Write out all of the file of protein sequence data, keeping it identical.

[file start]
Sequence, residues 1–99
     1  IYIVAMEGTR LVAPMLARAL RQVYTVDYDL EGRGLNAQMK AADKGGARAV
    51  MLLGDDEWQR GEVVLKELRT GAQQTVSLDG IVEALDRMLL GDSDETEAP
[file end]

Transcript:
Sequence, residues 1–99
     1  IYIVAMEGTR LVAPMLARAL RQVYTVDYDL EGRGLNAQMK AADKGGARAV
    51  MLLGDDEWQR GEVVLKELRT GAQQTVSLDG IVEALDRMLL GDSDETEAP